• June 10, 2015
  • By Leonard Klie, Editor, CRM magazine and SmartCustomerService.com

The Secret to Loyalty Is Less Effort, Speakers at Interactive Intelligence's Interactions Assert

INDIANAPOLIS — It doesn’t pay to delight customers.

Customers are delighted only 16 percent of the time, but achieving that result increases costs by 10 percent to 20 percent, according to research delivered by CEB during Tuesday’s keynote presentation at Interactions 2015, Interactive Intelligence’s annual user conference.

Furthermore, delighting customers doesn't guarantee their loyalty, Matthew Dixon, group leader of the financial services and contact center practice at CEB, told the 2,000 attendees at the conference.

Loyalty, Dixon said, equates to repurchasing, share of wallet, and positive word of mouth, but the true test of loyalty comes when something goes wrong.

Disloyalty, he added, results when customer effort is high due to repeated contacts, channel switching, transfers, having to repeat information, robotic service, unnecessary policies and processes, and added hassles. "Reducing customer effort mitigates disloyalty," he stated.

He cited CEB research that found that when customer effort is low, 94 percent of consumers will make additional purchases from the company, 88 percent will increase the company’s share of wallet, and 81 percent will spread positive word of mouth about the company. Conversely, disloyalty is 96 percent when customer effort is high.

Dixon offered three tips to help companies reduce customer effort. First, companies should increase channel stickiness, an area highlighted by customers' reluctance to use the phone to reach companies. While three to five years ago, 66 percent of customers relied on the phone, today only 28 percent do so. At the same time, 57.7 percent of customers will first visit a company's Web site to resolve issues, and 35.5 percent were on the company’s Web site when they called an agent.

To make channels sticky, companies should emphasize ease of use over choice. "Too much choice overwhelms," Dixon said. "The more choices we offer, the more [customers] get confused."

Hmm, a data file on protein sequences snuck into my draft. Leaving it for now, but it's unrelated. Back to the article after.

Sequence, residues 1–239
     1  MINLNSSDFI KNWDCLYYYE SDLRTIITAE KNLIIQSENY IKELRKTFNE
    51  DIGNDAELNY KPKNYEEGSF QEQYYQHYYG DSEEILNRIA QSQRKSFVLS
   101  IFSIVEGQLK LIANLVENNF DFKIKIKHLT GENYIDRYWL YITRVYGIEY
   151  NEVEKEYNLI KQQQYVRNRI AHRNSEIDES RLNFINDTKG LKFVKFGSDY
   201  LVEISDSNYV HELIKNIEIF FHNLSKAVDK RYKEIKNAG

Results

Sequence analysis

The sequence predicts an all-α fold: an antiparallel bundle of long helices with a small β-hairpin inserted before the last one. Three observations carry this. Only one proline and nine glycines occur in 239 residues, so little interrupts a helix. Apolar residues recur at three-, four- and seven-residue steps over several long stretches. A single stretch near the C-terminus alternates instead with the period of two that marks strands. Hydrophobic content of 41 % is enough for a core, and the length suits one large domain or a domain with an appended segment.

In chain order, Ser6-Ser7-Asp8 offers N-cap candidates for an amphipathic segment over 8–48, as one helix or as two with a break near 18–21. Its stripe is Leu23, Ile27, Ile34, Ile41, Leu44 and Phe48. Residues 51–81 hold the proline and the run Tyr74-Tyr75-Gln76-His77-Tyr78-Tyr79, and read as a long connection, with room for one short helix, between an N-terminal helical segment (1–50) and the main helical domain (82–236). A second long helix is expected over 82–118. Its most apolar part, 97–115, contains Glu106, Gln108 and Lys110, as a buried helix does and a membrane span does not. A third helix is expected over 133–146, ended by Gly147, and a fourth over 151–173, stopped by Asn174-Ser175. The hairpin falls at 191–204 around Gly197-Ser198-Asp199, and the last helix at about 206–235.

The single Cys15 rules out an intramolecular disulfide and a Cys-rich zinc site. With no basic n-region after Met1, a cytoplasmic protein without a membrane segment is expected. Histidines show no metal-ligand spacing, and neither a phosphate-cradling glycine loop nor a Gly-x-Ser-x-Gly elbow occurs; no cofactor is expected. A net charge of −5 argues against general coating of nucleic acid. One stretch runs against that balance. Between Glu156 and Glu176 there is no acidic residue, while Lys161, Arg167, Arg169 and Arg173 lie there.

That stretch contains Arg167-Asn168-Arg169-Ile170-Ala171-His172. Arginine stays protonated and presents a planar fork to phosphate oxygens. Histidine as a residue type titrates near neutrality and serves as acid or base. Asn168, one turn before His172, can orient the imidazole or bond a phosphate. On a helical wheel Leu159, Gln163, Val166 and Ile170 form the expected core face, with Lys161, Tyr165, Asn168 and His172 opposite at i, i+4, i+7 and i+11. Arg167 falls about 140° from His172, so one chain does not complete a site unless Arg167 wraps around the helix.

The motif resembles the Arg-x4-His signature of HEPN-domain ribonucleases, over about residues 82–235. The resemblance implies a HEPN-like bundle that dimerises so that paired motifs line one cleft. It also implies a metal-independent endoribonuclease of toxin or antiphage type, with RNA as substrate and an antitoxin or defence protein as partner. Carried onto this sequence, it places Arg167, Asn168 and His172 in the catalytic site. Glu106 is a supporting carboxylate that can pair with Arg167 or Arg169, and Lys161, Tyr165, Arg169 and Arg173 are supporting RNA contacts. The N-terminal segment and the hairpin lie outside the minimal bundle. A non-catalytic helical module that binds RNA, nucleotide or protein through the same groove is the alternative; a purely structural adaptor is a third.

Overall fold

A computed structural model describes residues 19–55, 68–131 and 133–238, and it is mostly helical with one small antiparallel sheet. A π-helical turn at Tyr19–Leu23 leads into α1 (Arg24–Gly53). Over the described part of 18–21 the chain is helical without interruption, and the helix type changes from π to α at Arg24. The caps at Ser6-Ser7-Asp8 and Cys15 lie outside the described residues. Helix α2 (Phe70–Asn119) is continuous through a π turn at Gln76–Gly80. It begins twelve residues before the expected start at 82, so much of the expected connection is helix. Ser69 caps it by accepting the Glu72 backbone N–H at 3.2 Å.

Firms should also simplify Web site language. Dixon recommended that companies use the Gunning Fog Index to determine the age and education level needed to understand their Web site content. "By simplifying the language on our Web sites, customers are more likely to stay on them," he said.

Dixon also recommended that companies invest in next-issue avoidance to eliminate the reasons why customers call back. When they do, 54 percent of the time it's because an issue wasn't resolved on the first go-around, and 46 percent of the time it's because the company failed to resolve issues related to the initial problem, he said.

The third piece of Dixon’s puzzle is experience engineering. When contact center agents position themselves as true advocates for the customer, customer effort decreases 74 percent. When agents use more positive language, even to relay bad news, customer effort decreases 73 percent. When agents anchor, or strategically sequence one option within a range of other less appealing options, customer effort decreases by 55 percent, according to the CEB research.

Also presenting was Robert Herjavec of ABC’s hit show Shark Tank, an author, entrepreneur, and founder of the Herjavec Group; he said that loyalty results when companies deliver "an optimal customer experience." A popular motivational speaker, Herjavec also outlined a 10-point plan for achieving your goals:

  1. Burn the ships—defined as being committed to an ideal.
  2. Test the waters before you jump in.
  3. Know that everyone lies.
  4. Bring a compass.
  5. Know that if your competitors can’t catch you, they can’t overtake you.
  6. Train for a marathon.
  7. Hunt for your own dinner.
  8. Know that there is no such thing as a work-life balance.
  9. Know that life is hard.
  10. Work hard, have fun, be nice, and play fair.

"The most important thing is to have people remember you," he said.

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